Location: Meat Safety & Quality ResearchTitle: Antimicrobial resistance of enteric bacteria among ceftiofur treated and non-antimicrobial treated co-mingled pasture beef cows
Submitted to: American Society for Microbiology Conference
Publication Type: Abstract Only
Publication Acceptance Date: 3/31/2015
Publication Date: 5/1/2015
Citation: Agga, G.E., Schmidt, J.W., Arthur, T.M. 2015. Antimicrobial resistance of enteric bacteria among ceftiofur treated and non-antimicrobial treated co-mingled pasture beef cows.[Abstract]. 4th American Society for Microbiology Conference on Antimicrobial Resistance in Zoonotic Bacteria and Foodborne Pathogens. S6:5, p.39.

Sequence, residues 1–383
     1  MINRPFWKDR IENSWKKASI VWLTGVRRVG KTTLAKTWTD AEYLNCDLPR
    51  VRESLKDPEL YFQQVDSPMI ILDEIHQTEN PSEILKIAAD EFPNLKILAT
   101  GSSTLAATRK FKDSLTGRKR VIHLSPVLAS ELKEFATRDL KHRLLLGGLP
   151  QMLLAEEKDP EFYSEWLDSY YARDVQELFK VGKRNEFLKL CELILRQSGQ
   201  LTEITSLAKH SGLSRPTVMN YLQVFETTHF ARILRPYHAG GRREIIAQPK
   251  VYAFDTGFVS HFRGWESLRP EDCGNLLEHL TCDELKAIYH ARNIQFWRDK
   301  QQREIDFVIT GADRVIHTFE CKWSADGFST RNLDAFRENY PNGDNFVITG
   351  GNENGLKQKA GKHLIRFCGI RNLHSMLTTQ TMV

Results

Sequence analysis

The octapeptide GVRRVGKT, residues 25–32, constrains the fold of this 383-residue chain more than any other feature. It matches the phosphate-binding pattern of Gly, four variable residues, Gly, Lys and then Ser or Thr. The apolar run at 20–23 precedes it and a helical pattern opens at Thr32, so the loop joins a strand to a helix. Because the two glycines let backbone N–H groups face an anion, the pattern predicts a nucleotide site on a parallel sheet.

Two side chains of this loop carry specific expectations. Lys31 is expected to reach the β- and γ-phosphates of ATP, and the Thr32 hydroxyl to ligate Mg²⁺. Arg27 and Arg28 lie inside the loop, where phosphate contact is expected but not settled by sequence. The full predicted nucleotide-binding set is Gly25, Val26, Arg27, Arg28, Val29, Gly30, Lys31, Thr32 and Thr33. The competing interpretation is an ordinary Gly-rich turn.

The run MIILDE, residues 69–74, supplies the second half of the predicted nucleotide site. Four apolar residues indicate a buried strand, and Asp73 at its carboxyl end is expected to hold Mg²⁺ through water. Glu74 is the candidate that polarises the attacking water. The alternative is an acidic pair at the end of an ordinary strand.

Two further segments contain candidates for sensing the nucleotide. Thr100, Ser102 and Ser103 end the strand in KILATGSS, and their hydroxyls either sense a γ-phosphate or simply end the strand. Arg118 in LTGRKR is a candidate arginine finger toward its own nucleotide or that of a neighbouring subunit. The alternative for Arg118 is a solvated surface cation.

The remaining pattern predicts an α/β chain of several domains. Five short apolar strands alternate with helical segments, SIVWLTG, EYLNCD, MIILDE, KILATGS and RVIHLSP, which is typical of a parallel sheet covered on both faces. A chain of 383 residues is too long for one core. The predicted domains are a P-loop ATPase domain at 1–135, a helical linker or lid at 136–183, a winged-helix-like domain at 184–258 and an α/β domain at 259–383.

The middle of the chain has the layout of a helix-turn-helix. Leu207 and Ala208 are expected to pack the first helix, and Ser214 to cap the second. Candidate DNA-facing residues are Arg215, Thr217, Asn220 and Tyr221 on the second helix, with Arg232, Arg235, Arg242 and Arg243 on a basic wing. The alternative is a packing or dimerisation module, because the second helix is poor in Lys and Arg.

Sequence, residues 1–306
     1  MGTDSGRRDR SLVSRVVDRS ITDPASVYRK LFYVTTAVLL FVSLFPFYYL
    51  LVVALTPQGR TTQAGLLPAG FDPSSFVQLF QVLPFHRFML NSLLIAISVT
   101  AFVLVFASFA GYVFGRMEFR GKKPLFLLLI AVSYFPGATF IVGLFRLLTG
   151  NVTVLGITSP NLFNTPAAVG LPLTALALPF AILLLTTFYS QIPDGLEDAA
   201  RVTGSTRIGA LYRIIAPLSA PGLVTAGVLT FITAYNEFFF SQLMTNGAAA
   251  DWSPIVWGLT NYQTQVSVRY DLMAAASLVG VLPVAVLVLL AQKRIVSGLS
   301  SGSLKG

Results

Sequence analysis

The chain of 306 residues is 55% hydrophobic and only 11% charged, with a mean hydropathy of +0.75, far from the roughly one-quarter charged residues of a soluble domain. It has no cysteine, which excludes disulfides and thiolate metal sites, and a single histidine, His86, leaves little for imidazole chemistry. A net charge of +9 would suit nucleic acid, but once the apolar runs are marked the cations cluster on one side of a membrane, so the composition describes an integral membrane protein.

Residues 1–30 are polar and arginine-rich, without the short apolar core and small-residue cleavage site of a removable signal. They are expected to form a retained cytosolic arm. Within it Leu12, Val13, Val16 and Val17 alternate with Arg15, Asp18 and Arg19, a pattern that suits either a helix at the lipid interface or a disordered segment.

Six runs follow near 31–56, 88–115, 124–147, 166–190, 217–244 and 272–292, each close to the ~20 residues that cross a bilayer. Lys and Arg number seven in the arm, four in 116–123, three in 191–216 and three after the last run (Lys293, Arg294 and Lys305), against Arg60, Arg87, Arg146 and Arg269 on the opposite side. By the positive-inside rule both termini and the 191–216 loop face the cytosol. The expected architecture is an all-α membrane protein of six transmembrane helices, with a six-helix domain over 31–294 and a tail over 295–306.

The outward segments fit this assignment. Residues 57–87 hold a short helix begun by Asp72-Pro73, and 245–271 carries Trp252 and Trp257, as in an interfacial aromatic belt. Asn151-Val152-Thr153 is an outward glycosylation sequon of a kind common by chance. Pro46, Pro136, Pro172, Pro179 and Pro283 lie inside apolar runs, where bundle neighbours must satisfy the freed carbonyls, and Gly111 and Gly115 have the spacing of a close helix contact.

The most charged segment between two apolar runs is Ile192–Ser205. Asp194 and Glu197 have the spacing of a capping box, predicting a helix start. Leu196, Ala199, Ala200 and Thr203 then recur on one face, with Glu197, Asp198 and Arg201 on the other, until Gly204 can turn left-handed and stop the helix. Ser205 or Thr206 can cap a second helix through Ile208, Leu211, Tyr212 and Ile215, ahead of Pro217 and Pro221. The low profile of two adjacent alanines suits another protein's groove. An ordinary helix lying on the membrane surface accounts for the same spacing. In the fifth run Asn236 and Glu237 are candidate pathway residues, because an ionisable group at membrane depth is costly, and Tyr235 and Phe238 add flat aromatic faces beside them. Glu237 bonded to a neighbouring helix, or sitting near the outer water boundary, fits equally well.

Technical Abstract: Concerns have been raised that antimicrobial use in food animal production considerably increases antimicrobial resistance in bacteria. Due to their longevity, pasture beef cows are likely to be exposed to different antimicrobials that may create favorable conditions for antimicrobial resistant bacteria. Non-fed beef cattle constitute nearly 20% of the total domestic beef supply in the United States, but a higher proportion of ground beef comes from cows than fed cattle. We examined the occurrence of 3rd generation cephalosporin resistant (3GCr ) E. coli, tetracycline resistant (TETr) E. coli, trimethoprim-sulfamethoxazole resistant (COTr ) E. coli, 3GCr Salmonella enterica and erythromycin resistant (ERYr) enteroccoci from the fecal samples of 162 ceftiofur treated and 207 non-antimicrobial treated, co-mingled, pasture raised beef cows of = 8 years old in Nebraska. Among ceftiofur treated cows, 58% were treated with ceftiofur alone; the remaining 42% also received other antimicrobials (tetracyclines, penicillins, folate pathway inhibitors, phenicols, quinolones, or macrolides). The prevalence of 3GCr E. coli did not significantly differ (P = 0.41) between ceftiofur treated (15%) and non-antimicrobial treated (18%) cows. However, it significantly (P < 0.0001) declined over the birth cohorts from 47% in 2003 to 11% in 2006. Mean log10 CFU count of TETr E. coli was not associated with ceftiofur treatment, birth cohort, prior history of antimicrobial treatment or the length of time that lapsed between last antimicrobial treatment and sampling. The prevalence of TETr E. coli also did not significantly differ (P = 0.39) between ceftiofur treated (86%) and non-antimicrobial treated (90%) cows. However, it significantly (P = 0.01) increased in 2006 birth cohort compared to the older cohorts. The prevalence of COTr E. coli did not significantly (P = 0.50) differ by treatment group nor by birth cohort (P = 0.36). The prevalence of ERYr enterococci did not significantly differ (P = 0.60) between treatment groups (70% in non-antimicrobial treated cows versus 68% in the ceftiofur treated cows); however, it significantly declined (P = 0.05) from 2003 birth cohort to 2006 birth cohort. The prevalences of TETr E. coli, 3GCr E. coli, COTr E. coli and ERYr enterococci were not associated with prior history of antibiotic treatments or by the length of time that lapsed between last treatment and sampling. Salmonella was detected only from two cows and all the isolates were susceptible to 3rd-generation cephalosporins. In conclusion, occurrence of 3GCr E. coli, TETr E. coli, COTr E. coli and ERYr enterococci were not associated with ceftiofur treatments but were associated with birth cohorts in spite of being co-mingled. This indicates that factors other than antimicrobial use more strongly influenced the levels of antimicrobial-resistant bacteria in feces of non-fed beef cows.